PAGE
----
To find a new medium these days is a rare feat. The act of doing so is in no way a required challenge of great art, but it spins the audience’s mind a bit, to have sought after the unused, beyond paint or clay. Artist Stefaan De Croock, for instance, has done just that with discarded doors.
Indeed, his mural work invites double-takes and eye-cocks, possibly a murmuring of, “Are those…doors?” It seems implausible at first glance, but the big picture sinks in and you forget about how it was created. As he explains in an interview with My Modern Met, even the gathering of materials can be time-consuming and exhausting.
“I always keep an eye open for wood. The ‘harvesting’ is almost as important as the making of the artwork. Sometimes I see doors or wooden planks on a construction site and if they look interesting, I ask the construction workers if they still need it. If they don’t need them anymore, I come back with my van. I’ll also search in deserted factories or houses just before they’re going to be destroyed. Sometimes people send me a message or tell me where I can find some old floors or doors. I just look everywhere.”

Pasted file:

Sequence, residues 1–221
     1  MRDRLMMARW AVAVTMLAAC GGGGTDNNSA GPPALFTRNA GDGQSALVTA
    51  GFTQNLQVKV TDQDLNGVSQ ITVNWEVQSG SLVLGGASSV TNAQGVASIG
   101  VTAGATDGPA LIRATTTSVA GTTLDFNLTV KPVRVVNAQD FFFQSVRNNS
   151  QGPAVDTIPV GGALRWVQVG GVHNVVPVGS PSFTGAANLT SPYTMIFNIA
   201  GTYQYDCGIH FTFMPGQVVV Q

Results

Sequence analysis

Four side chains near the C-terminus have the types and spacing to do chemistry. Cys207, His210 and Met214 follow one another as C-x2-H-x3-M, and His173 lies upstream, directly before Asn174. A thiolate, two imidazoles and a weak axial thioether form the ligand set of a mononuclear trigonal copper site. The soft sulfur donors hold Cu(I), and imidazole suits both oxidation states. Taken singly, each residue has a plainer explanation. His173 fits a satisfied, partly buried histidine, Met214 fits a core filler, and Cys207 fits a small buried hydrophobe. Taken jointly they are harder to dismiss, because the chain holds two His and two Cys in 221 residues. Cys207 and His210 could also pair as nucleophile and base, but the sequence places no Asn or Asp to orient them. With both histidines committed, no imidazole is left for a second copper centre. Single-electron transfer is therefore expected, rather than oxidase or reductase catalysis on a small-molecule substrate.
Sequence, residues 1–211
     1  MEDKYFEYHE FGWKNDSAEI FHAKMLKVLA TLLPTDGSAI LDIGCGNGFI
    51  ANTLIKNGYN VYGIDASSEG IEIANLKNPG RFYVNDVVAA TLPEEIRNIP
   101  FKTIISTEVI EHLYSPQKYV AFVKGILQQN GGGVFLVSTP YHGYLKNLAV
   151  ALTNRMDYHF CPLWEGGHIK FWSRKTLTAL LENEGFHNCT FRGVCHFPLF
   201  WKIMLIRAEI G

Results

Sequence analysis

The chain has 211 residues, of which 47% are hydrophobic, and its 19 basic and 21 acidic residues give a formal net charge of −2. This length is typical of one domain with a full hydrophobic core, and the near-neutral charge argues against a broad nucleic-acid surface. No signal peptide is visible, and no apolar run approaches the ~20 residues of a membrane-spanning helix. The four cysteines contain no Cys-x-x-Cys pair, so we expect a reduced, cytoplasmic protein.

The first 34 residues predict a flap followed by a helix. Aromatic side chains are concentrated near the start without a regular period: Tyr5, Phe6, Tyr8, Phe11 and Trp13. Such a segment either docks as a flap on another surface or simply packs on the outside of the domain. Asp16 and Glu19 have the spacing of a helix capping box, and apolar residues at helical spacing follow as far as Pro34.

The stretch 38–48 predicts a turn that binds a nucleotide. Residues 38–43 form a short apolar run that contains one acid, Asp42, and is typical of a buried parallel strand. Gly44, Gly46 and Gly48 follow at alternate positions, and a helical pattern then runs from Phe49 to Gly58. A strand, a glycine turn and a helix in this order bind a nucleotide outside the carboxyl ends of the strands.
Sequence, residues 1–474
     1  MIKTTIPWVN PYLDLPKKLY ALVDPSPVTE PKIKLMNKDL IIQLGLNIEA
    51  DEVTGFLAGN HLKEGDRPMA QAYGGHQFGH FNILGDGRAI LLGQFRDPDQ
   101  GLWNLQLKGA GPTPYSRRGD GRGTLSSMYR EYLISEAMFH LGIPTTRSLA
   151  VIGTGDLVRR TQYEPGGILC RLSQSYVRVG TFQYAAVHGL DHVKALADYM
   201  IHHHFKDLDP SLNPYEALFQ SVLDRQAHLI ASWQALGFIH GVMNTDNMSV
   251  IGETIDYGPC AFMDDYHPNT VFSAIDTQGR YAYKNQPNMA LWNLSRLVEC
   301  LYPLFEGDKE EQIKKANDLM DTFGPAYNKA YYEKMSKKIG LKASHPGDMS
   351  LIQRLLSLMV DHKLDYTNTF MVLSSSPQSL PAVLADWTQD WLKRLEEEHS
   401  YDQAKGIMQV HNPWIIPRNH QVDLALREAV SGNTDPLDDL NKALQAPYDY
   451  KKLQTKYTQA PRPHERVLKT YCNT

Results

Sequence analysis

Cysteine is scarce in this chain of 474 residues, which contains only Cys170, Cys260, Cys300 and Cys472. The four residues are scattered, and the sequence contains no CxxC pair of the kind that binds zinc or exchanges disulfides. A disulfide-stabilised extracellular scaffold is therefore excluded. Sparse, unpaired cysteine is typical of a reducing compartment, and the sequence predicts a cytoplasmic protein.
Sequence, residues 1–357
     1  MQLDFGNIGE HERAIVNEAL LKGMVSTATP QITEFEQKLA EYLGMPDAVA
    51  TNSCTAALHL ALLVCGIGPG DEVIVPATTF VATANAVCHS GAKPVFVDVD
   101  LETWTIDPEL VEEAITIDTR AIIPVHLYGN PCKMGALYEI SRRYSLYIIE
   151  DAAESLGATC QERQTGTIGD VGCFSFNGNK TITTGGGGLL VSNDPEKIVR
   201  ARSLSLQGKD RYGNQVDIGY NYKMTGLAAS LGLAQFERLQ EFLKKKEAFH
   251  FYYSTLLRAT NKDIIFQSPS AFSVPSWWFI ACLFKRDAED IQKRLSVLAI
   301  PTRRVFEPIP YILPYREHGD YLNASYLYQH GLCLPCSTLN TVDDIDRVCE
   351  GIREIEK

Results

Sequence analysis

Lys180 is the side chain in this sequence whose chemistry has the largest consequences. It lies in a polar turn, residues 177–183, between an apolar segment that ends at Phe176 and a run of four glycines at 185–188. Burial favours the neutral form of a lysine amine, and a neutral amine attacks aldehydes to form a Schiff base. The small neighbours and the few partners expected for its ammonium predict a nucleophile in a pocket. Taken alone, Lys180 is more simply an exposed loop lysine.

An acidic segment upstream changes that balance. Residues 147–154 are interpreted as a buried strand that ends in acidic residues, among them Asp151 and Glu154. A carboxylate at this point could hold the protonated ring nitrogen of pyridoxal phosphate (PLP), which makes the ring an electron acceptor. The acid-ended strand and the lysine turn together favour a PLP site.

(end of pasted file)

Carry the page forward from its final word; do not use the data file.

His latest piece Elsewhere — a part of the Mechelen Muurt Project, on an old furniture factory in Mechelen, Belgium — is a brilliantly colorful output; a pensive man in silhouette, the result of scavenging, planning, and constructing. It’s by no means an easy or quick task. Upon finding the abandoned doors, he cuts them into the necessary shapes, assembling a puzzle like patchwork.
“Every recycled sculpture or mural has it own story. In this case, the wall on which I constructed the installation was also an inspiration. You can see the relics of an old roof and house on the wall, so in the past there was a house next to the furniture factory. The melancholic, fragile pose of the figure symbolizes a person in the comfort of his home, where he is truly himself.”
His work is recycling at its absolute coolest. See Elsewhere and more below.
[via My Modern Met]